Traces of a potential coal spill surfaced off Colombia’s Carribean coast Tuesday, just days after the U.S.-based coal firm, Drummond Ltd, reportedly suspended its Colombian operations, reported the El Espectador newspaper.

Authorities were alerted to loose coal debris in the waters near Drummond’s private Caribbean port, but in statements made to the Colombian press Wednesday, the company denied responsibility for the apparent spill.

The U.S. multinational was fined $3.5 million in December of last year for dumping close to 2,000 tons of coal in the Bay of Santa Marta.

MORE: Colombia fines Drummond for $3.5M over Caribbean coal dump

The Colombian Environmental Ministry had previously banned the practice of crane-and-barge loading that led to the spill, which took place in January of 2012, and Drummond was given until January 1st of this year to bring its port operations up to speed with requirements.

MORE: Santos orders minister to assure Drummond respects environmental regulations

After an inspection by Environmental Minister Luz Helena Sarmiento determined that Drummond had failed to comply with the deadline, the company’s shipping license was suspended, pending upgrades on its delivery mechanism.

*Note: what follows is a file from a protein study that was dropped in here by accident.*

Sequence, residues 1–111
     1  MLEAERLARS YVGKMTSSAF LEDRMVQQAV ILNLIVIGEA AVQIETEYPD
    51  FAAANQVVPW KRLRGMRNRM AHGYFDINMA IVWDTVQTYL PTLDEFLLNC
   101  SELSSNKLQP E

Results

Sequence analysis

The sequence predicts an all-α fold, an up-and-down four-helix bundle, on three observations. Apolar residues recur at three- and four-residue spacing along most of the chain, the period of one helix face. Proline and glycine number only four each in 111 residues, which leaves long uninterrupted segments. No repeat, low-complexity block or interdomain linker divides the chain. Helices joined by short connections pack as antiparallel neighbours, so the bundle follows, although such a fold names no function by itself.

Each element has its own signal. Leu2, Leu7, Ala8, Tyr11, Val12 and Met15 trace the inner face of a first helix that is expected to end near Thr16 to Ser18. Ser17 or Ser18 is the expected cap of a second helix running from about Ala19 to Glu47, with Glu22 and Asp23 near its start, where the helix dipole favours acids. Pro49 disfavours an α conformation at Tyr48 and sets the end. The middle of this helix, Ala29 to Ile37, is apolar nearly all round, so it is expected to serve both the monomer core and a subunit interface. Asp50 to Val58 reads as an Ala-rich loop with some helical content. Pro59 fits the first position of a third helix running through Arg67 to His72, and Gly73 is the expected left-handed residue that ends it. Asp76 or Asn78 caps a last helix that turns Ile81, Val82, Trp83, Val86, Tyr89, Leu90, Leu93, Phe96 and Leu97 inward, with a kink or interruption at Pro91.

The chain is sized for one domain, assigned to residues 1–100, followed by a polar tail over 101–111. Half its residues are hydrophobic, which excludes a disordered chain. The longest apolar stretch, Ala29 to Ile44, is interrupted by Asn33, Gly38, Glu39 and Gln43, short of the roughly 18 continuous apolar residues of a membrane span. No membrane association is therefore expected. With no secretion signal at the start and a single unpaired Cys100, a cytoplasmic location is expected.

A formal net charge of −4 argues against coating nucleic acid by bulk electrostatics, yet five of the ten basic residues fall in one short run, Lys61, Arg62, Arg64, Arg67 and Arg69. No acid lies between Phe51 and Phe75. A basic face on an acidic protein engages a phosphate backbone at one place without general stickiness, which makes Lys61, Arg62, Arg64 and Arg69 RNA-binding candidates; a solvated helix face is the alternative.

Drummond was allowed a five-day grace period to complete the transfer of all remaining coal from its barges to its ships, with an additional $160,000 fine assessed for each day of operation.

Colombian authorities have yet to indicate what actions will be taken in regard to the latest incident.

Drummond, meanwhile, has publicly denied responsibility, claiming that the spill “could not be the product of their activities,” which halted on January 13, one day before the spill was noticed, in accordance with the company’s agreement with environmental authorities.

“Once the spill was perceived by company personnel,” said the company, in a statement to Colombian media, “Drummond Ltd. gave immediate notice to the environmental authorities to advance a relevant investigation.”

According to the El Espectador newspaper, Drummond is currently extending its dock 1.5 miles into open water, a $900 million expansion that will allow the company to meet the government’s ‘direct loading’ guidelines and raise the company’s export potential from 23 million tons to 40 million annually.

With vast reserve concessions in the state of Cesar, Drummond is currently the second-largest exporter of coal in Colombia, the fourth-largest exporter of coal in the world.


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